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PNPOLY (Point inclusion in polygon test)

This 8 line program, an update of what I wrote in 1970, tests if a point is inside a polygon in E2. It handles multiple components with nested holes and islands. Compared to other routines attempting to test point inclusion, PNPOLY tends to be, simultaneously, smaller, faster, and more general.

Uniform Grids

Uniform grids are useful in many of the following applications. This idea is intended to be just sophisticated enough to solve the problem, without being so complicated that it is difficult to implement, including the messy special cases, and parallelize. (1977)

The concept, which is useful for culling pairs of objects that may intersect, is to overlay a uniform grid on the data. Then iterate over the elements, finding which grid cells each passes thru. Finally, iterate over the cells, comparing pairs of elements that pass thru the same cell. Implementing this properly requires some attention to detail. This method works well even when the data is unevenly distributed, where one's first impulse would be to use the, more complicated, quadtree.

One application is a parallelizable algorithm finds all the intersections among a large number of small line segments in E2. The time to find all K intersections among N line segments is an expected θ(N+K), altho an adversary can choose input to raise that to N2 . However no real data sets have exhibited that behavior. Data has been used from cartography, VLSI design, and nonuniform meshes. This is a common operation in many higher-level operations such as boolean combinations. Titles include:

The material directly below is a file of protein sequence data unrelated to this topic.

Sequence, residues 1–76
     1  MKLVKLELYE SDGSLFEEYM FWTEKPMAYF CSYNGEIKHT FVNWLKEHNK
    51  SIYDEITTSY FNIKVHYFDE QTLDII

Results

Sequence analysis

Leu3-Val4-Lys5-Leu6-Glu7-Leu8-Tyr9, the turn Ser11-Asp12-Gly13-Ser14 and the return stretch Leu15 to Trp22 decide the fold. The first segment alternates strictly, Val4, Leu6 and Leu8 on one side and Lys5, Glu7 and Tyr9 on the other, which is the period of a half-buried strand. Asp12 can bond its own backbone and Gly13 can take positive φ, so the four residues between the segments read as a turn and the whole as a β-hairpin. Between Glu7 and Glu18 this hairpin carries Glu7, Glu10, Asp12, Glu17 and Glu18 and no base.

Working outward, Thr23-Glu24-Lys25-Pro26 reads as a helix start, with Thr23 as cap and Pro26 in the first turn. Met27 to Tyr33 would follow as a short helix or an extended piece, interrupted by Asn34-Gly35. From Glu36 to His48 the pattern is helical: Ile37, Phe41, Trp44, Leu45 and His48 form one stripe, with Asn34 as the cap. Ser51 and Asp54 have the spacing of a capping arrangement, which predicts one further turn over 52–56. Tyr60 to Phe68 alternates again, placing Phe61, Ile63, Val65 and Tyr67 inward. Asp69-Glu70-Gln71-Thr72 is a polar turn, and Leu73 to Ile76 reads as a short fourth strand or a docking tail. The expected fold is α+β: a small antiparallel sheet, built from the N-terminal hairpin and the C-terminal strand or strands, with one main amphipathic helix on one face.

1. Geometric computing and the uniform grid data technique (with V Akman, M Kankanhalli and C Narayanaswam),
  2. Uniform grids: A technique for intersection detection on serial and parallel machines (with C Narayanaswami, M Kankanhalli, D Sun, MC Zhou, and PYF Wu),
  3. Efficiency of uniform grids for intersection detection on serial and parallel machines (with N Chandrasekhar, M Kankanhalli, M Seshan, and V Akman),
  4. Fast intersection detection on serial and parallel machines using the uniform grid technique (with N Chandrasekhar, M Kankanhalli, and V Akman), and
  5. Adaptive grids for geometric operations.

More info on Uniform Grid

Efficient Low-Level Operations

Several of these sections describe efficient low-level operations. Spending energy on simple problems may seem a waste of time, so why do I do it?

Efficient rotation in E3

  1. bibtexsummary:[/wrf.bib,f-ero-83]

Studies of Fundamentals

E.g., an investigation into why raster graphics algorithms can be surprisingly counterintuitive and difficult.

For example, consider finding the raster line segment between two points, such as with the Bresenham algorithm. Now, pick two points on the interior of that line and draw the new line segment between them. Probably the points of the new line segment will not be a subset of the points of the original line segment. This does not happen with ideal, vector, lines.

The deep reason that raster graphics can be harder than vector graphics is that, in algebra, the integers are harder than the reals, not easier. E.g., first order logic over the reals with addition and multiplication is solvable. Not so over the integers. Titles include:

  1. bibtexsummary:[/wrf.bib,f-prga-85]
  2. bibtexsummary:[/wrf.bib,f-cesua-84]